Competition policy in the United States has become a major public policy issue for the first time in decades, but discussion about the current U.S. antitrust enforcement regime has been less systematic. Antitrust enforcement is often treated as a single entity, but multiple forces affect both the intensity and effectiveness of enforcement. This report examines enforcement activity (the number and type of cases that enforcers bring), the resources Congress provides for antitrust enforcement, and, in the federal system, the merger filing-fee system that has become the primary source of antitrust funding. Understanding the basic patterns of federal enforcement offer a window into core antitrust enforcement and provides a measure for weighing and questioning the relative impact of the contributing factors to the success or failure of U.S. antitrust law today.
This report examines federal antitrust enforcement in terms of activity, resources, and merger fees. Although descriptive statistics do not establish causation, they offer a window into core antitrust enforcement.
- Criminal antitrust filings have fallen to historic lows in the United States
- The 16 criminal cases filed in 2018 were the fewest filed since 1990. The 5 corporations charged criminally in 2018 and the 8 charged criminally in 2017 are the fewest since 1990. Over the same time period, only in 1996 were fewer individuals charged than in either 2017 or 2018.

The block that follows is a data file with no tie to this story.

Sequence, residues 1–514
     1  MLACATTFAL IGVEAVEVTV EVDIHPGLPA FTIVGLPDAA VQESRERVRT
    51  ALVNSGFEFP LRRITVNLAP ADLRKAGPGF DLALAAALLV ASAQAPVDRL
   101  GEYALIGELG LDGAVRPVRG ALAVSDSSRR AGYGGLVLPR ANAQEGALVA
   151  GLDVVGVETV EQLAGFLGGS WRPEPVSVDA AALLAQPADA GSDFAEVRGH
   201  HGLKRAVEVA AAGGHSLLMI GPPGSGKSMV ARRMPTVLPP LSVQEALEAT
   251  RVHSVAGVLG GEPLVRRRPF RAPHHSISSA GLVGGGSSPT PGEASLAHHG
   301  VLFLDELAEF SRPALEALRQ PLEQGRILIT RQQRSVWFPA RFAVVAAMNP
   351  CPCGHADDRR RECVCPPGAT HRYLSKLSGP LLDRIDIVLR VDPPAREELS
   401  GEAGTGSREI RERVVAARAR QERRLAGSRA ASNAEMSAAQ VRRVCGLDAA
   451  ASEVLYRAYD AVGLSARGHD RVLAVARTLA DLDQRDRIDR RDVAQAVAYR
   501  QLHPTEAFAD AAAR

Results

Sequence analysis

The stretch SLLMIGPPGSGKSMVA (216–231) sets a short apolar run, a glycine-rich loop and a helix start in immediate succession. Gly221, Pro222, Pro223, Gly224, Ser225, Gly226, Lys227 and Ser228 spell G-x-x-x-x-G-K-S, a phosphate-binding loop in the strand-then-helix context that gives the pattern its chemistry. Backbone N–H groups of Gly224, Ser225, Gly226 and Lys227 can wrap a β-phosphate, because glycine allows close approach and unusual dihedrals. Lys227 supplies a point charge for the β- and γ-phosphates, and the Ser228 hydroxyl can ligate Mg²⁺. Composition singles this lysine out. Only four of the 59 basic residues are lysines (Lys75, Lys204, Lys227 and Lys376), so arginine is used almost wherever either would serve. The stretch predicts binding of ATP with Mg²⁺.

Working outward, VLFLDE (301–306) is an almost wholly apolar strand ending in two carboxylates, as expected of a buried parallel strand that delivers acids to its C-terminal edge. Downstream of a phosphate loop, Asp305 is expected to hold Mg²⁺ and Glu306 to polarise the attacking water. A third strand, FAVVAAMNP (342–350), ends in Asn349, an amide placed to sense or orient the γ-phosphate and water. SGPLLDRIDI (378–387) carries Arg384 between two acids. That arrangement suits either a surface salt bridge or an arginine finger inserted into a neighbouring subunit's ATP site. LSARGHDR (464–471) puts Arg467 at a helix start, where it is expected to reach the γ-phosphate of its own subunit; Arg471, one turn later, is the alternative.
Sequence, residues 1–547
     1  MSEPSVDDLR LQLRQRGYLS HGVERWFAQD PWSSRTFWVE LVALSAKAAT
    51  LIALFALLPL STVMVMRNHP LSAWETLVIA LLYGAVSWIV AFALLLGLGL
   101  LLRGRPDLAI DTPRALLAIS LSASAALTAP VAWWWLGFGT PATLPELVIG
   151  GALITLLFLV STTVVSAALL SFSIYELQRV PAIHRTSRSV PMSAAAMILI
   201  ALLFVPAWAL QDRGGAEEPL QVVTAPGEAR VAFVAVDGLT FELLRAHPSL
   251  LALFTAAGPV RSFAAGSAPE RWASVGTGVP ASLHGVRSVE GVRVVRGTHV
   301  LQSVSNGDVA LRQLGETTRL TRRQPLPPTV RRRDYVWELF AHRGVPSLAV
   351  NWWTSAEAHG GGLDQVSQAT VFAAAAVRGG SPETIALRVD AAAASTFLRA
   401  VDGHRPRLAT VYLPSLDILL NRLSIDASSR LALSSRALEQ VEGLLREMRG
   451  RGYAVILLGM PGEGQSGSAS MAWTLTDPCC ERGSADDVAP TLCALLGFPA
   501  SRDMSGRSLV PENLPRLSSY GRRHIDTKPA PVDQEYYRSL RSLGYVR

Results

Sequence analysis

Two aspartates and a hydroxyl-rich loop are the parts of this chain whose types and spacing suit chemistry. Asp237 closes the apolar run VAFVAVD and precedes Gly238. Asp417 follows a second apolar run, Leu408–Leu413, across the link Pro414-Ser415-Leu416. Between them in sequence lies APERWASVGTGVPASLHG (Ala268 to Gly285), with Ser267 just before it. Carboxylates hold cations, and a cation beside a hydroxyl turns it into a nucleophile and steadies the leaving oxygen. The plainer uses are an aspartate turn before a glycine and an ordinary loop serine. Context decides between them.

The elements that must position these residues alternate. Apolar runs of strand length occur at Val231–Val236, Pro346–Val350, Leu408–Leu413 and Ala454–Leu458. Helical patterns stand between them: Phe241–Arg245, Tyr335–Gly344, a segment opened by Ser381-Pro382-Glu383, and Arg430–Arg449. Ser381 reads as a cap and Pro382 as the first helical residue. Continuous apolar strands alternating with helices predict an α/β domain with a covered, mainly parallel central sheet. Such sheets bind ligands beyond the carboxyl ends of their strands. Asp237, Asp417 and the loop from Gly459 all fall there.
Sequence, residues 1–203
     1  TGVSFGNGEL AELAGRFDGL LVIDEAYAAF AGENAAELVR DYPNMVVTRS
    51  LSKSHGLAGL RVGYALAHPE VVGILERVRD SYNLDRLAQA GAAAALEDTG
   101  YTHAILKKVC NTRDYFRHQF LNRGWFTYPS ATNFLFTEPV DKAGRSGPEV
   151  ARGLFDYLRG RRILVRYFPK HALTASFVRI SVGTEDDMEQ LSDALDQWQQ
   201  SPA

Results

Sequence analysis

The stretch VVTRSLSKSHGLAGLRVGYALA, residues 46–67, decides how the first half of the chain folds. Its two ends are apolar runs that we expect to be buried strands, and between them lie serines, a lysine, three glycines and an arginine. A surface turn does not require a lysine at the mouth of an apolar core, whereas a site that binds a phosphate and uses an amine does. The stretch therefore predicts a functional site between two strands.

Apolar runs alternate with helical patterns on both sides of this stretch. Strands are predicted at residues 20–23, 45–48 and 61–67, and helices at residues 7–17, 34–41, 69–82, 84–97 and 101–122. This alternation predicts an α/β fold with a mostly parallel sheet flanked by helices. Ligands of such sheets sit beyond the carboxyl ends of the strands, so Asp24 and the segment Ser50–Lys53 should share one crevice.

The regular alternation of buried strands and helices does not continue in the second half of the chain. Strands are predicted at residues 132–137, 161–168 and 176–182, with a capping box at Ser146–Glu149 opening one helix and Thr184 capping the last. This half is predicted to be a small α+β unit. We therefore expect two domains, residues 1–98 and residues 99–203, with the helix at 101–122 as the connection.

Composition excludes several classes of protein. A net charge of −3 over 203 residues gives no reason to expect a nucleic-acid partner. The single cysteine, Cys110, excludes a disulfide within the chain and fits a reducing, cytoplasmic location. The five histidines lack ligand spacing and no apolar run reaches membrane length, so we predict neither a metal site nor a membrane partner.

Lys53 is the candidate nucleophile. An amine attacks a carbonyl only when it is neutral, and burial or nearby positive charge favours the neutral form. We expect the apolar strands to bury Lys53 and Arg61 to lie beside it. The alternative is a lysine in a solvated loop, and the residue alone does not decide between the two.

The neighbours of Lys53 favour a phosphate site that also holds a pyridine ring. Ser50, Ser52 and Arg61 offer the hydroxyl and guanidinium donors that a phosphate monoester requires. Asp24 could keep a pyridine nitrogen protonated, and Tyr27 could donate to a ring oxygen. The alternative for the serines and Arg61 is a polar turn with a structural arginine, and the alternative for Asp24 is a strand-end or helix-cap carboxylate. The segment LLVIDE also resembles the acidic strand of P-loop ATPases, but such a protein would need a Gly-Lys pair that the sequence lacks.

- U.S. merger enforcement actions have not kept pace with increased merger filings
- Historically, as U.S. merger filings increase, merger enforcement actions increase, but that has changed. Merger filings increased nearly 80 percent between 2010 and 2018, but the number of enforcement actions have been constant, fluctuating at around 40 actions per year.
- Civil nonmerger actions have fallen in the United States
- Last year was an historically low year for civil nonmerger enforcement, and 2019 also appears to be low. On average, the two federal antitrust agencies brought 10.8 nonmerger cases a year between 1999 and 2008 and 7.5 cases a year between 2009 and 2018.
- U.S. antitrust enforcement resources have fallen recently
- In real terms (after accounting for inflation), appropriations are 18 percent lower in 2018 than in 2010. The two federal antitrust enforcement agencies had slightly fewer resources in 2018 ($471 million) as they did nearly 20 years earlier, in 2001 ($491 million).
- U.S. GDP growth has outpaced growth in antitrust appropriations
- Compared to 2008, the U.S. the economy, measured by Growth Domestic Product, has grown twice as fast (39 percent) as antitrust appropriations (20 percent).
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